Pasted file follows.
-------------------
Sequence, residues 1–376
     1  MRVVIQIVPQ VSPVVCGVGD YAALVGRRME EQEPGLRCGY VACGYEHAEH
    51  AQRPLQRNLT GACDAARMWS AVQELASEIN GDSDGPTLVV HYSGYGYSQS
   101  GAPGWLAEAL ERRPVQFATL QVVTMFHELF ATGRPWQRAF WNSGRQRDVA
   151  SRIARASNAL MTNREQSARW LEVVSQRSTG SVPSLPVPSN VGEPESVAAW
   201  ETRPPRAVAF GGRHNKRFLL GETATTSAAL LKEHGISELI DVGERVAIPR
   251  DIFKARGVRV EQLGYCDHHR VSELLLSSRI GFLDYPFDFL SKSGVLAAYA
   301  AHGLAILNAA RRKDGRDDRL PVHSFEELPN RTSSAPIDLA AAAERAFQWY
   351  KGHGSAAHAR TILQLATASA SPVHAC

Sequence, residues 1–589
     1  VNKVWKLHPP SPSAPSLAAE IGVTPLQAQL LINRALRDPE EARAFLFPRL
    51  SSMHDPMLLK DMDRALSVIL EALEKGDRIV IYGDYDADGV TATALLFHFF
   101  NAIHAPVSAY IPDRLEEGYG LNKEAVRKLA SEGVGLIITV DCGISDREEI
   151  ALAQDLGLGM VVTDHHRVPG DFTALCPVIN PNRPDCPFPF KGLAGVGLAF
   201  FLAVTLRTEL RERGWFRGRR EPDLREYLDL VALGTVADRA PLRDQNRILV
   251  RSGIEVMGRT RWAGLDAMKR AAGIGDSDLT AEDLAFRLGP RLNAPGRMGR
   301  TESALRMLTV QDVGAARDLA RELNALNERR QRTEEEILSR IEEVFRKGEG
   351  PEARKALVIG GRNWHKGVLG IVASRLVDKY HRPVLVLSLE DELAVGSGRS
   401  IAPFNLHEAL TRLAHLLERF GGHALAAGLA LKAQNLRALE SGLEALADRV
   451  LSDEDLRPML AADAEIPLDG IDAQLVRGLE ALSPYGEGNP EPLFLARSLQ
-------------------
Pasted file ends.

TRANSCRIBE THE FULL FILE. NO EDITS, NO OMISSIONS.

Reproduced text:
Sequence, residues 1–376
     1  MRVVIQIVPQ VSPVVCGVGD YAALVGRRME EQEPGLRCGY VACGYEHAEH
    51  AQRPLQRNLT GACDAARMWS AVQELASEIN GDSDGPTLVV HYSGYGYSQS
   101  GAPGWLAEAL ERRPVQFATL QVVTMFHELF ATGRPWQRAF WNSGRQRDVA
   151  SRIARASNAL MTNREQSARW LEVVSQRSTG SVPSLPVPSN VGEPESVAAW
   201  ETRPPRAVAF GGRHNKRFLL GETATTSAAL LKEHGISELI DVGERVAIPR
   251  DIFKARGVRV EQLGYCDHHR VSELLLSSRI GFLDYPFDFL SKSGVLAAYA
   301  AHGLAILNAA RRKDGRDDRL PVHSFEELPN RTSSAPIDLA AAAERAFQWY
   351  KGHGSAAHAR TILQLATASA SPVHAC

Sequence, residues 1–589
     1  VNKVWKLHPP SPSAPSLAAE IGVTPLQAQL LINRALRDPE EARAFLFPRL
    51  SSMHDPMLLK DMDRALSVIL EALEKGDRIV IYGDYDADGV TATALLFHFF
   101  NAIHAPVSAY IPDRLEEGYG LNKEAVRKLA SEGVGLIITV DCGISDREEI
   151  ALAQDLGLGM VVTDHHRVPG DFTALCPVIN PNRPDCPFPF KGLAGVGLAF
   201  FLAVTLRTEL RERGWFRGRR EPDLREYLDL VALGTVADRA PLRDQNRILV
   251  RSGIEVMGRT RWAGLDAMKR AAGIGDSDLT AEDLAFRLGP RLNAPGRMGR
   301  TESALRMLTV QDVGAARDLA RELNALNERR QRTEEEILSR IEEVFRKGEG
   351  PEARKALVIG GRNWHKGVLG IVASRLVDKY HRPVLVLSLE DELAVGSGRS
   401  IAPFNLHEAL TRLAHLLERF GGHALAAGLA LKAQNLRALE SGLEALADRV
   451  LSDEDLRPML AADAEIPLDG IDAQLVRGLE ALSPYGEGNP EPLFLARSLQ